November 26, 2014
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Fertility

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Infertility: More common than you may think

How common is infertility?

How common is  infertility?

You may not personally know any couples that are having difficulty conceiving. This is probably because even though these couples are experiencing fertility issues, they want to keep their struggle private. But you often hear of celebrity couples struggling with fertility issues. So how common is infertility?

Fertility problems and infertility may be more common than you think. A recent study shows that 11.5% to 15.7% of Canadian couples have infertility. That's almost one in six couples. So you see, chances are that you do personally know someone affected by infertility.

What is infertility?

In general, the definition of infertility is being unable to conceive after a year of regular, unprotected intercourse if a woman is under age 35, or 6 months if a woman is 35 or older.

But there have often been variations in how infertility is defined when researchers look at how many couples are affected. Infertility is generally defined as when a woman of reproductive age is unable to become pregnant while not using any form of birth control. Some studies will look only at lack of birth control while others will also consider whether the couple has regular, unprotected intercourse. Studies will often look at current infertility (i.e., if you are having difficulty conceiving now) versus lifetime infertility (i.e., if you have ever had difficulty conceiving).

How has the infertility rate changed over the years?

No matter how it's defined, though, it seems that the overall number of people facing fertility problems has increased over the years. In 1984, the estimated percentage of couples with fertility problems was 5.4%. In 1992, this number increased to 8.5%. And today, the estimated prevalence (total number of couples with infertility) is up to 15.7%.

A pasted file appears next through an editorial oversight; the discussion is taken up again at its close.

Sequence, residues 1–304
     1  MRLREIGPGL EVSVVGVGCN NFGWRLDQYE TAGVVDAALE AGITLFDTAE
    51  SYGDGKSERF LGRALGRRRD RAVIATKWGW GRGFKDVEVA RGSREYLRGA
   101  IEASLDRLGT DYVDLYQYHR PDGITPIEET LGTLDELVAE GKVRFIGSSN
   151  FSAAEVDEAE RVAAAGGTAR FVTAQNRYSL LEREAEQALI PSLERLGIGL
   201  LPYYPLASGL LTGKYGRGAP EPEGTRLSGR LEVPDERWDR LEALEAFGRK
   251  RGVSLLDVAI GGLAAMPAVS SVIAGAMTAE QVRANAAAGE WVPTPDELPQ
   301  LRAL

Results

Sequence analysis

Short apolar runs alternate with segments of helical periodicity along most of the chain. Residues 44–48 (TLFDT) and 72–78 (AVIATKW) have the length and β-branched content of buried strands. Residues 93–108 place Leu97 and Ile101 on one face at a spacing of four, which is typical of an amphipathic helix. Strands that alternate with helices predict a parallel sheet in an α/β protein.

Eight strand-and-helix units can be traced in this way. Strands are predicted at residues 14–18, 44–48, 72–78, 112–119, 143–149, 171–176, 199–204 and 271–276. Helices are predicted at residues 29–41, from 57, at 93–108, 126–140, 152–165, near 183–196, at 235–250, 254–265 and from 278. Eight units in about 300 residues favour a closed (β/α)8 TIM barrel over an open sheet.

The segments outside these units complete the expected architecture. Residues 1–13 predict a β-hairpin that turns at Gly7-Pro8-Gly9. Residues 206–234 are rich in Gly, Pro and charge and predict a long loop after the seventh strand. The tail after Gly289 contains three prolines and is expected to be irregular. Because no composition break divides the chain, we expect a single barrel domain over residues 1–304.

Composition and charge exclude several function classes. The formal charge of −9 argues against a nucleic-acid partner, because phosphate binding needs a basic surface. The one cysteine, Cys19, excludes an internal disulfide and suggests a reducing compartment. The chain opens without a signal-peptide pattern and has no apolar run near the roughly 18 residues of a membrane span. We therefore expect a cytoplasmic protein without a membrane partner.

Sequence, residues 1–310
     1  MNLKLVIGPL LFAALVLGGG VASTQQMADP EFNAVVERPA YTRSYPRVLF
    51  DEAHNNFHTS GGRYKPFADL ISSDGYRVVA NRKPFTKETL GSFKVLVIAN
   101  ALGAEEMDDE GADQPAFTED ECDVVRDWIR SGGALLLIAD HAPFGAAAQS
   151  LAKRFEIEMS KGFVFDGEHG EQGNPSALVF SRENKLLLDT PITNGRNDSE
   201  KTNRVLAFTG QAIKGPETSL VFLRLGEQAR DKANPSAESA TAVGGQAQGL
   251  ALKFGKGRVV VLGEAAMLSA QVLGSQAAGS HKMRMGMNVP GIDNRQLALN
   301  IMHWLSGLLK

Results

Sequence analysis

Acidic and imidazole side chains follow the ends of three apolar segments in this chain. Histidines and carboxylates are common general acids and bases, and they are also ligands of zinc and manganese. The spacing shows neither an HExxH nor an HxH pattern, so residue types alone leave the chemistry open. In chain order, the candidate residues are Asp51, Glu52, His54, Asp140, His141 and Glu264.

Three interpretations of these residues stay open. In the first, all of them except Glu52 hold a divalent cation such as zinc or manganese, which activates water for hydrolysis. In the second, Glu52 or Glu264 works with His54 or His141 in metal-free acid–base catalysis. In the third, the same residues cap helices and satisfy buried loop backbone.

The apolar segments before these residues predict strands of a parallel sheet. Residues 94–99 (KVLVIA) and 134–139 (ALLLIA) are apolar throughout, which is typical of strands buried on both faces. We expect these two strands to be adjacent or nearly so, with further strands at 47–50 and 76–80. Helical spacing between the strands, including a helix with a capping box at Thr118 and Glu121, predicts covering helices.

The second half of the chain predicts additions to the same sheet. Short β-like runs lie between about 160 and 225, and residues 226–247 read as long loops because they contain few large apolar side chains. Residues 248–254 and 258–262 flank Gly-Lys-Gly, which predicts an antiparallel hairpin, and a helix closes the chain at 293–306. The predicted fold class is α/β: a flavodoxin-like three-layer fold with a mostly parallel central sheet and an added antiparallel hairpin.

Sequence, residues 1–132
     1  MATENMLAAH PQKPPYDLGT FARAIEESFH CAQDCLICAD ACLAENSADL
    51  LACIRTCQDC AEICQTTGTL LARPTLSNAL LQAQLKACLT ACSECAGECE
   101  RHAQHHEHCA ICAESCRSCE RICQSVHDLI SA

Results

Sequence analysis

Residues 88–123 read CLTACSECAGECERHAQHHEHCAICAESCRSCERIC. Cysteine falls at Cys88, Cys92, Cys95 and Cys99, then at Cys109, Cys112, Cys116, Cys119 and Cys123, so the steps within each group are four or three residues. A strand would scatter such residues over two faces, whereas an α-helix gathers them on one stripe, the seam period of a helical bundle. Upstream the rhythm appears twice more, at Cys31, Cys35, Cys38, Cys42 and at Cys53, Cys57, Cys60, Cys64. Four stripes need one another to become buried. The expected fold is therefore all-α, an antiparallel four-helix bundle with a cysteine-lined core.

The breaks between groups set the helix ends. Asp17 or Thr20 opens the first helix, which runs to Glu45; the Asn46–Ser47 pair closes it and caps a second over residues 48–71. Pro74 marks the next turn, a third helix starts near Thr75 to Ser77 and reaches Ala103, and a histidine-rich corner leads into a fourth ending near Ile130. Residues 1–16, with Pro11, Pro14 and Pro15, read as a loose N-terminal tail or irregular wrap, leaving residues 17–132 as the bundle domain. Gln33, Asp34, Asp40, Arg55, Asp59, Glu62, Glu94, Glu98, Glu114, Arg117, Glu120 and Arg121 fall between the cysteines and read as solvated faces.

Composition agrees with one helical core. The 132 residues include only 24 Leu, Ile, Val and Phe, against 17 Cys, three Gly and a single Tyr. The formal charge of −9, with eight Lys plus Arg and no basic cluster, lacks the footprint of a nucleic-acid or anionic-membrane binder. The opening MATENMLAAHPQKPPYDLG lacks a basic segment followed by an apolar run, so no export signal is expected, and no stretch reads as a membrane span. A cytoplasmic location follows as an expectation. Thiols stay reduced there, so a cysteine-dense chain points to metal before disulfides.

Among couples with a female partner aged 40 to 44 years old, the infertility rate is 14.3% to 20.7%. Almost 30 years ago, in 1984, that number was only 4.6%.

And although it is expected that as a woman's age increases the rate of infertility increases, the trend of rising infertility rates is not exclusive to older women. In 1984, the infertility rate of couples with a female partner aged 18 to 29 years was 4.9%. Now, the infertility rate in this age group is 7% to 13.7%.

Why have infertility rates increased? In part, it is related to the trend for women to have children later in life (when they are less fertile). There are many factors that have contributed to this trend including getting married at a later age (which delays when women attempt to have children and a woman's fertility decreases as she gets older, especially her mid-30s), readily available birth control (which allows women to delay pregnancy until they are ready, which often means when they are older), and more women in the work force. However, infertility has also increased in younger age groups. Possible explanations for a general decrease in fertility include the increasing rate of obesity and sexually transmitted infections, both of which can harm fertility. Other fertility risk factors may also contribute to how common infertility is. Read more about some of the common reasons for infertility.

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